Flexible Resident Spending Plans: A New Budget Process

By Schelley Hollyday

If you have implemented or are anticipating implementing flexible spending (a dollar value allowance rather than meals per day/month), your food service budget, metrics and results take on a different approach than with a meal count based plan.

Under a meal count based plan, the budget centers on a desired “cost per meal” and financial results are measured against that cost.  Once your meal plan shifts to flexible spending dollars, a true restaurant model of thinking moves into play.  An increase in cost per meal, reflects on the choices your residents have made using their allowances.  Your flexible plan gives them the opportunity to select more expensive menu items and “spend” their dollars accordingly.  If a resident uses all their plan dollars, additional purchases become realized revenue for the community, offsetting any additional food cost.  Metrics shift from “cost per resident meal” toward average cost per transaction or average sales per transaction.

Communities moving to or using flexible spending need to base their budgets and monthly operating results on achieving the desired food cost percentage.  Like restaurants, this will typically range from 33 – 40%.  It is a detailed process which involves accurately costed menu items and a strategic pricing methodology.  Communities typically use different food cost percentages for different menu items groups or food departments.  For example, a pre-packaged bag of chips may sell for a 50% food cost, but pasta items sell for a 30% food cost. Even within a menu item group, you may break it down further into subgroups or “classes”.  For example, fountain and pour beverages might have a higher margin than bottled.

For those areas of the community that are not on flexible spending or a-la-carte pricing such as Skilled Nursing and Assisted Living, the cost of meals is developed through a standard process of food, labor, and supply costs.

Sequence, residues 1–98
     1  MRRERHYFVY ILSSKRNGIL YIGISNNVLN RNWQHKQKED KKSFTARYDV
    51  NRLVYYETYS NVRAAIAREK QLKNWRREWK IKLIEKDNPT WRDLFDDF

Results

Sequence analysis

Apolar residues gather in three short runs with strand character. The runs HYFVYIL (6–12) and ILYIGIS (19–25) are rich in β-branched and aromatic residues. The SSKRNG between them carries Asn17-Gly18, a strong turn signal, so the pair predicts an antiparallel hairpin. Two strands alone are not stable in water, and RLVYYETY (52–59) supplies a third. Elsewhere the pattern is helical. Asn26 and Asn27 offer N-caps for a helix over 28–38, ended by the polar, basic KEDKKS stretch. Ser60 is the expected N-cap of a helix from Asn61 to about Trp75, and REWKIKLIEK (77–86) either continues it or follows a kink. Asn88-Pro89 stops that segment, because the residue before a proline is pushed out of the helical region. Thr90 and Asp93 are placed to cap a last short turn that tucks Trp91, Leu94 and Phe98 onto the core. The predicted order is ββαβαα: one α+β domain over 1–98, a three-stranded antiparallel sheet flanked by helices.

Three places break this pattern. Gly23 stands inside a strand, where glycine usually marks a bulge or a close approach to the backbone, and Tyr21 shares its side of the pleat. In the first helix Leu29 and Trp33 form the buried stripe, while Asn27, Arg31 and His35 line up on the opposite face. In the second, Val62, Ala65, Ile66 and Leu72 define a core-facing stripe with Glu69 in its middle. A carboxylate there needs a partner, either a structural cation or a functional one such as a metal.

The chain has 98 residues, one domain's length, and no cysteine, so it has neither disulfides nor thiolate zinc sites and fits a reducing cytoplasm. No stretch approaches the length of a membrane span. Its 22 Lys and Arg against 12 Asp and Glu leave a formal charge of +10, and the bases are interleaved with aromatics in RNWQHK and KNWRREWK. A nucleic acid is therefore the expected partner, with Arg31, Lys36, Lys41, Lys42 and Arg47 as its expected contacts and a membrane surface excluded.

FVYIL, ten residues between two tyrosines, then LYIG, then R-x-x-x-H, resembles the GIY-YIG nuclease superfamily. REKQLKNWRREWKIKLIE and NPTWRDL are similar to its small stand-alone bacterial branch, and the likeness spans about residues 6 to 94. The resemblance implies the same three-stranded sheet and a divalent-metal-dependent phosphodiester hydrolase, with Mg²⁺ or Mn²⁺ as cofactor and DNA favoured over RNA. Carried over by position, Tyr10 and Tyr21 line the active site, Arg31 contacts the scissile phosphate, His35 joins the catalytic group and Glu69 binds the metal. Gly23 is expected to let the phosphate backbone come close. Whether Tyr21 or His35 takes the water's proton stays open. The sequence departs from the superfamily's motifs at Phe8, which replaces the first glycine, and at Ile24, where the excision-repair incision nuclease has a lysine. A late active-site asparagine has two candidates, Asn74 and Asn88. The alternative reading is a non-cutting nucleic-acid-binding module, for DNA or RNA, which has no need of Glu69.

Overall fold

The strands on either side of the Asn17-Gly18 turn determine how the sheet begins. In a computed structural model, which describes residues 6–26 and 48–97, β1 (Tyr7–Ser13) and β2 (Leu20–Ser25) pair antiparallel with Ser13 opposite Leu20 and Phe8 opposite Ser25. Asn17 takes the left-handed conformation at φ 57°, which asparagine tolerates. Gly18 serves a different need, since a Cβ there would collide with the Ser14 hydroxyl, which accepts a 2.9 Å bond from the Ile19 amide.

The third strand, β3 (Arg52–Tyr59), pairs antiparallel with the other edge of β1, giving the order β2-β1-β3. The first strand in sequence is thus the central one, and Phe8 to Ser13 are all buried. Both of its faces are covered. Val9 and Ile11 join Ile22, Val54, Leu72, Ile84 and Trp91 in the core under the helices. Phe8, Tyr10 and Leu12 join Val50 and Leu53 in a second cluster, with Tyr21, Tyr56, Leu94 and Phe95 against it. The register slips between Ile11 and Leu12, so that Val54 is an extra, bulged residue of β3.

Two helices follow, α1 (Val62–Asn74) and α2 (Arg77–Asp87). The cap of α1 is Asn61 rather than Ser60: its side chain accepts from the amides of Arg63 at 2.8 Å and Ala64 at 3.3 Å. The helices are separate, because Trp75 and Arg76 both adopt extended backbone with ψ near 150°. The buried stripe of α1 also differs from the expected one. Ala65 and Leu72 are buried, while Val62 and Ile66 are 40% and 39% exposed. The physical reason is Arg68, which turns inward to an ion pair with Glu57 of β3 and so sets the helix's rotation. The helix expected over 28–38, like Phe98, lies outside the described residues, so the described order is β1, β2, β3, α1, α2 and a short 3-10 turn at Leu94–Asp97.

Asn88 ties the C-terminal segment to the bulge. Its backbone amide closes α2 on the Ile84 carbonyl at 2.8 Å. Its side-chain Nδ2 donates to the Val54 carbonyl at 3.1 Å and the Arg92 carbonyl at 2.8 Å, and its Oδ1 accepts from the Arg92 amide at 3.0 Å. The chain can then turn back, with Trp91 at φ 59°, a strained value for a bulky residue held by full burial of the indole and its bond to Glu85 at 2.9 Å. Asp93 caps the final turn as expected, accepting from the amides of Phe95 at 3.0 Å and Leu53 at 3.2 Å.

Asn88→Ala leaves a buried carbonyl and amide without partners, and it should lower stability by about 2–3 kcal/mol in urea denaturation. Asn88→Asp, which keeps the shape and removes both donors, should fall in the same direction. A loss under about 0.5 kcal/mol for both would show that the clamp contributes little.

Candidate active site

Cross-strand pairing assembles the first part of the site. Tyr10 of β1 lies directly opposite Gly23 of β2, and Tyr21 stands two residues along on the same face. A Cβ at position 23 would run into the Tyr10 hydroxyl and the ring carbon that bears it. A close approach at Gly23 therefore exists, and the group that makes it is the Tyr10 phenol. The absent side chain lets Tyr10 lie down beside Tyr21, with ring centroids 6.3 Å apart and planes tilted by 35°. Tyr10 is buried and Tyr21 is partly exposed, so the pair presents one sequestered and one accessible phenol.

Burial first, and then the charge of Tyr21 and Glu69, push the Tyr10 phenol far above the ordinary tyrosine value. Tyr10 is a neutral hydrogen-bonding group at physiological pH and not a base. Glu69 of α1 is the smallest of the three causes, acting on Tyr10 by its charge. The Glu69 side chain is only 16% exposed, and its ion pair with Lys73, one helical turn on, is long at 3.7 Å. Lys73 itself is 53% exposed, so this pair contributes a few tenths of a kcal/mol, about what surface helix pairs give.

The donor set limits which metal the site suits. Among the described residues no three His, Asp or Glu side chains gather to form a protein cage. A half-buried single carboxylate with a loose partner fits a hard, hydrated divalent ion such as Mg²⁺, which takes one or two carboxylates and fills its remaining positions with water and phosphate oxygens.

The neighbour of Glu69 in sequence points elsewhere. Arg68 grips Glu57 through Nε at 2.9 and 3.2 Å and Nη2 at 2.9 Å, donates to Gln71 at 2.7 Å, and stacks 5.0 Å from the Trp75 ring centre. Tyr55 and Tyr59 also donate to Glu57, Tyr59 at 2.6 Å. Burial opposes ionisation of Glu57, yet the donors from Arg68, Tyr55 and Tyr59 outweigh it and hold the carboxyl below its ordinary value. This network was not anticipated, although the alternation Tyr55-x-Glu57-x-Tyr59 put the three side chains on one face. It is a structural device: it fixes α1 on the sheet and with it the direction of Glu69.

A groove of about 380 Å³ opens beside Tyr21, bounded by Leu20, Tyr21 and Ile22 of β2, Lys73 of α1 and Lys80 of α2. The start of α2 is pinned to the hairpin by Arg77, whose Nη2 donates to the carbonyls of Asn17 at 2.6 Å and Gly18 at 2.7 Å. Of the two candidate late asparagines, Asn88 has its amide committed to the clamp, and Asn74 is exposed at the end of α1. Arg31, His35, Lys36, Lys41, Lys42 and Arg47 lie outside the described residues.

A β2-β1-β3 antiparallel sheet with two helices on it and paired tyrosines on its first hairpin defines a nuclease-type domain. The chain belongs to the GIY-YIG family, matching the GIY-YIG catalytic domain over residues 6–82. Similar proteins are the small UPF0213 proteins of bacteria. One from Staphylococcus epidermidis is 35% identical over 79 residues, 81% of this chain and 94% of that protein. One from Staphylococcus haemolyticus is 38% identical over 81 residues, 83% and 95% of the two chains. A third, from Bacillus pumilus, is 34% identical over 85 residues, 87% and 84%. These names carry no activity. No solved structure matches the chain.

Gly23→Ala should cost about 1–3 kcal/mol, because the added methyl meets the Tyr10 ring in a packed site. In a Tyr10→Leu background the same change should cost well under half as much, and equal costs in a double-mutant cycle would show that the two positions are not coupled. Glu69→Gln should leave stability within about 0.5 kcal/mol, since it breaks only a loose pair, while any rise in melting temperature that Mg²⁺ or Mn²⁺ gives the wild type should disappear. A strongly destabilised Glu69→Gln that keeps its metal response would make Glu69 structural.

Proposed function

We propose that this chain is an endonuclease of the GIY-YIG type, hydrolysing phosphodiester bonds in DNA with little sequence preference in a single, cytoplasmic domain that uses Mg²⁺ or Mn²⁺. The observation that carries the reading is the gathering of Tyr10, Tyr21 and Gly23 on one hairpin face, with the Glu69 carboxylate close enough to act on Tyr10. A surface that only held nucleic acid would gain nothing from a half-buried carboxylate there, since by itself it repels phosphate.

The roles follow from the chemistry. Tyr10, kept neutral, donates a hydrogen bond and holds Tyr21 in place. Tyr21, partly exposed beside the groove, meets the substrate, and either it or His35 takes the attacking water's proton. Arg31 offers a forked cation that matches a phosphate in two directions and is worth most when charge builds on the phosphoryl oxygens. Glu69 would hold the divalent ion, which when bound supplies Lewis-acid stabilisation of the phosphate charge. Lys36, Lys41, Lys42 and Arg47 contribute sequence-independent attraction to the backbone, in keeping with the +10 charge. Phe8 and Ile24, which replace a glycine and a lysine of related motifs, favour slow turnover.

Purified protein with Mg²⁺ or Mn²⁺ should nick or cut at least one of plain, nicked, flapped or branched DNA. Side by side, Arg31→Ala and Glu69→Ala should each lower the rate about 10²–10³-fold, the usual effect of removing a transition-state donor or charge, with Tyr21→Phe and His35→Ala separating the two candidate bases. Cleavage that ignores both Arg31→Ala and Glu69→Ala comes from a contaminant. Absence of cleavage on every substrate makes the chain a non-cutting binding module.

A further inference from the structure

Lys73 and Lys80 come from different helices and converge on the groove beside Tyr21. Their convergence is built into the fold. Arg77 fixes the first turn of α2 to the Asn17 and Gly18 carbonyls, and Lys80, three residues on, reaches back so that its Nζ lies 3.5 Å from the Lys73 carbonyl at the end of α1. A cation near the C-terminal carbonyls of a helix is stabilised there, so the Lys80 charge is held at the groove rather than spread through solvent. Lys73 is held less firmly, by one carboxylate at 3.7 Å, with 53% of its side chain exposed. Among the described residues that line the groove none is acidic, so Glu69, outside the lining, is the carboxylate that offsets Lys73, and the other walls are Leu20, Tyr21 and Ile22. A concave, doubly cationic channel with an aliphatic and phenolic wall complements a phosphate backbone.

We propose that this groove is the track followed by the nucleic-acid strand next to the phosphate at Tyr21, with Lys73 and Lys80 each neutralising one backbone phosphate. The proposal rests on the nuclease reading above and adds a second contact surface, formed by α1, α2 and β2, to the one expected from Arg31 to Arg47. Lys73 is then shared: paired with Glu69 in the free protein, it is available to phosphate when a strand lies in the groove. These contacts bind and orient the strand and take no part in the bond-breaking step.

More communities are moving to a profit and subsidy statement for their dining programs, just like restaurants!  The Dining Services department gets “revenue” from meal plan dollars, as well as the “value” of the meals provided to Skilled Nursing and Assisted Living, internal catering and requisitions.  Additionally, “real revenue” that is generated by resident sales outside the meal plan, guest sales, employee sales and private catering sales all contributes to the Dining operations revenue.  Operating costs are deducted to determine profit or loss (or subsidy).

The Items Sold  or Item Movement report generated by your POS system will provide the necessary data to determine the overall product mix.  A specialty POS vendor like CARDWATCH that has extensive experience in the senior living market and flexible spending plans will be a critical partner who can help guide the process with the right set of tools. 

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About the Author:

Schelley HollydaySchelley Hollyday has over 25 years of experience in the Senior Living industry with a focus on hospitality.  She has held senior leadership positions with two national senior services management companies. A graduate of the Hotel School at Cornell University, Schelley has taken her love of customer service and hospitality to the Senior Living industry. During her career, Schelley has worked with over 300 Senior Living communities.  She is a recognized speaker, including Professional Association and university lectures.  She has done extensive research identifying best practices and hospitality trends.

Recognizing that Senior Living Communities are quickly assimilating to the hospitality model, Schelley can provide the necessary support to communities transitioning to a more specific hospitality culture. Consulting support to enhance hospitality including a strong customer focus, restaurant operations (particularly when opening new venues and concepts), concierge services, and food and beverage operational analysis, including financial and quality benchmarks.  For more information visit: www.CCRChospitality.com.